More extraditions to come, Mexico says
On the heels of the extradition of four top drug cartel leaders, Mexico’s attorney general said Sunday he planned to send more suspects to face U.S. trials, tacitly acknowledging that corruption had allowed drug kingpins to direct operations even while in maximum-security Mexican prisons.
The latest round of extraditions Friday night -- which also includes six other drug suspects of lesser rank -- breaks ties between drug capos and “the structures of the criminal organizations in our country,” Atty. Gen. Eduardo Medina Mora said. He added that the transfer of wealthy suspected traffickers to the United States would help return security and integrity to the prisons where they were held.
Aggressive extradition is emerging as the second prong of Mexican President Felipe Calderon’s get-tough approach to the drug gang violence that killed more than 2,000 people nationwide last year. In January, 17 Mexican suspects have been handed over to U.S. authorities, a pace that would easily surpass last year’s record 63 extraditions.
Calderon’s first line of attack started shortly after he took office in December, when he began ordering the army, navy and federal police into several states, including his home state of Michoacan and the key smuggling cities of Tijuana and Acapulco.
Medina Mora said Sunday the army had also been working in Mexico’s so-called Golden Triangle, where the states of Sinaloa, Chihuahua and Durango intersect in the western Sierra Madre. The mountainous region is a longtime center of marijuana and heroin production, and Sinaloa is home to Mexico’s most notorious drug lords.
Federal forces in recent weeks have burned 2,500 acres of marijuana fields and nearly 2,000 acres of opium poppy fields, security officials said Sunday. They’ve confiscated 2.6 tons of cocaine and 20 tons of harvested marijuana.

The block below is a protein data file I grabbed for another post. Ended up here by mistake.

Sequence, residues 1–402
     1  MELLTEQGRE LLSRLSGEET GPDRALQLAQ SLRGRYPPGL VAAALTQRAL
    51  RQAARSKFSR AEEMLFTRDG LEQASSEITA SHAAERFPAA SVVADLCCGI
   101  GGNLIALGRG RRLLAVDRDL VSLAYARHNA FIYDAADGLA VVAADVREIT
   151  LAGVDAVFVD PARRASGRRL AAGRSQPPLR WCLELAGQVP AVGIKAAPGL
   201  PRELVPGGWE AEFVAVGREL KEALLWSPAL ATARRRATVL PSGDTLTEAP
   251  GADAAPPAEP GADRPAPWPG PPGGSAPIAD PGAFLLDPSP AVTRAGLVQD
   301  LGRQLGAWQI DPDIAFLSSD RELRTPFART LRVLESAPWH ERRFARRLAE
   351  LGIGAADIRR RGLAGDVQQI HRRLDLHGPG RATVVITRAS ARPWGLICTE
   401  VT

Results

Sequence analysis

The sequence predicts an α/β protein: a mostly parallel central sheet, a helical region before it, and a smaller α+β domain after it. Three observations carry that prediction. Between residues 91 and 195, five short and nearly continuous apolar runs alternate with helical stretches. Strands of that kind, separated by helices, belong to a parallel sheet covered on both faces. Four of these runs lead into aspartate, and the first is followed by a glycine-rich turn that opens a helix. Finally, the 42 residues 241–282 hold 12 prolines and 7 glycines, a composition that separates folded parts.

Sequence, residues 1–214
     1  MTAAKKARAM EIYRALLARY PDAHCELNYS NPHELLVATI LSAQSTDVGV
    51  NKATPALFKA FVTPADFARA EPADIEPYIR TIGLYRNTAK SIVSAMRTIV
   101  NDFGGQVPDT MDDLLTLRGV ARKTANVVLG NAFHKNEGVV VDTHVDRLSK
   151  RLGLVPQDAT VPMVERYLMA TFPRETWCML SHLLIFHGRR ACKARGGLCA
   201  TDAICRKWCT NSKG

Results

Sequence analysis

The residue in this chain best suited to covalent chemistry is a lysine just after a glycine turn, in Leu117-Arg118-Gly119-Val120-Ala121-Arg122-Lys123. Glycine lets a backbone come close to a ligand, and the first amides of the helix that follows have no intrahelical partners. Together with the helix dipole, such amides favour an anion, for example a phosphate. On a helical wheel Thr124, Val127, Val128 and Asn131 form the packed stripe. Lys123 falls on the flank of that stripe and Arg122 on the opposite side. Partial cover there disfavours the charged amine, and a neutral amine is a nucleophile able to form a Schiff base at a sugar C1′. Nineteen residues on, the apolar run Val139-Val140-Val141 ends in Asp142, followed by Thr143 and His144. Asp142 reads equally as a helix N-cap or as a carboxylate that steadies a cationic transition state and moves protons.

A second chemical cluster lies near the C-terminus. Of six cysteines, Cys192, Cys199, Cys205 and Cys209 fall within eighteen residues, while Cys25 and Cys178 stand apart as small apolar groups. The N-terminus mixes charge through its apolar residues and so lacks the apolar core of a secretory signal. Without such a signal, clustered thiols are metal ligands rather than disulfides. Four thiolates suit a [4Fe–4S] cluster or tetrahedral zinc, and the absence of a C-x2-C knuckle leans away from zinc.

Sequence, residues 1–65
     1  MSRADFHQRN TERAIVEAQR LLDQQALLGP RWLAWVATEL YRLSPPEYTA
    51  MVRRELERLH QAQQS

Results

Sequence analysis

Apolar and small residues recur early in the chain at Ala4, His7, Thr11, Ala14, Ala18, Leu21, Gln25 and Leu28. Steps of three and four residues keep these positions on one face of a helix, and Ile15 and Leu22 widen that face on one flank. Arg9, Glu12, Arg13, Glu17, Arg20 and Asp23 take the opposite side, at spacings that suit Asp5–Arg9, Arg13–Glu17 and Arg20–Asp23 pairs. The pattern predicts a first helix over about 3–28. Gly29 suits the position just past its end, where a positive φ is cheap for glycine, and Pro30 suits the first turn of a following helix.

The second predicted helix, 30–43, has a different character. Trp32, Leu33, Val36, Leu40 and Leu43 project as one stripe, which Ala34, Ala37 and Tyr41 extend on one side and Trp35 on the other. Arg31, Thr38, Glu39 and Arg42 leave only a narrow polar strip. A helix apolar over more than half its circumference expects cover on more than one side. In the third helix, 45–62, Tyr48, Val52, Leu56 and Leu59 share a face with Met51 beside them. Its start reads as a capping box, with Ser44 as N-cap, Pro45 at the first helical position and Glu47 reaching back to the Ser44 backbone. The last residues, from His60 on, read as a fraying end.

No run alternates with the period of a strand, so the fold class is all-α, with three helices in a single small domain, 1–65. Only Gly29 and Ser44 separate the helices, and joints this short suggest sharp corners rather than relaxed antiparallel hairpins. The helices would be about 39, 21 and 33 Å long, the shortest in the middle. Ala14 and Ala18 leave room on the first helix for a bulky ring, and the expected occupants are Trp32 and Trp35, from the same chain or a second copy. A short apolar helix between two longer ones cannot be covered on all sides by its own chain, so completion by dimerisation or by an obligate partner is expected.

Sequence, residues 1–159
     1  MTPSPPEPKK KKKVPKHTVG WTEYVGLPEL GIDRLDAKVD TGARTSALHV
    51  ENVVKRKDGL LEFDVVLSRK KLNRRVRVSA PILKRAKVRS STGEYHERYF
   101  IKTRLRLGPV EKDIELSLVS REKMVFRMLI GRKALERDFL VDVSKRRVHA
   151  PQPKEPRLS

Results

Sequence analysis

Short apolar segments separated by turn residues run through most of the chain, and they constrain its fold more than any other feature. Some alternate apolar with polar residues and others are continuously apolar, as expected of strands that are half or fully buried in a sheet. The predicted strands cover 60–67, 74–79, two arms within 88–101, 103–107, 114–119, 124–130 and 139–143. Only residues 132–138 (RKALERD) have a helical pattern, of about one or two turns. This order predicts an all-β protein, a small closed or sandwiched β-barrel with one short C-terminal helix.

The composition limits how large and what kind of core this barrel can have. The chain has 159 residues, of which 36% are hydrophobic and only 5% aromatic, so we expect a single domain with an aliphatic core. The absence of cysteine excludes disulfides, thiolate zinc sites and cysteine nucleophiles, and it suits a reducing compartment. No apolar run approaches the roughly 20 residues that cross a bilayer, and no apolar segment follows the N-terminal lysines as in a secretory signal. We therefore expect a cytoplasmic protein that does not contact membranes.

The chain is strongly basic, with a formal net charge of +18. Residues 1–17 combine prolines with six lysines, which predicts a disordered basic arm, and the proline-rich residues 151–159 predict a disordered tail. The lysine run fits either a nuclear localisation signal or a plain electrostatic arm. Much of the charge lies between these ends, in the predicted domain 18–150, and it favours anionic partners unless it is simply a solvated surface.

Authorities say they have arrested 98 people, mostly low-level growers, workers and a few alleged assassins.
Among those turned over to U.S. authorities late Friday was Osiel Cardenas, a former police officer and the reputed head of the so-called Gulf cartel. His group has been battling a Sinaloa-based Pacific Coast organization for control of lucrative smuggling routes along the U.S.-Mexico border. He has allegedly been running his operation from a maximum-security prison outside of Mexico City since his 2003 arrest.
Two of the other top drug leaders extradited were Cardenas allies from Tijuana, brothers Ismael and Gilberto Higuera Guerrero; and one, Hector “Guero” Palma, a competitor from the Sinaloa group.
“There are dozens of extraditions pending, but there are ongoing legal procedures that federal courts haven’t yet resolved,” Medina Mora said. Cardenas and the other drug leaders had exhausted appeals in their legal fight against extradition, he said.
Calderon’s short-term goal, officials say, is to warn competing leaders that he will disrupt business unless they end the daily kidnappings, beheadings and torture in the war between Mexico’s east and west coast factions.
“Mexicans can be sure that we will continue working to reclaim public spaces and to close down territory on criminals,” Mexican Interior Secretary Francisco Ramirez Acuna said Sunday.
Nearly all the cocaine and marijuana consumed in the U.S., an annual market estimated at more than $50 billion, comes via Mexican smugglers, wholesalers and dealers. Based on 2005-06 border seizures, about 60% of the cocaine arrives in Texas, and California and Arizona each account for about 20%.
Although experts believe some of the profits are invested in Mexican real estate and business, the Calderon administration worries that the drug war will scare off legitimate investors and hobble his promise to create millions of new jobs.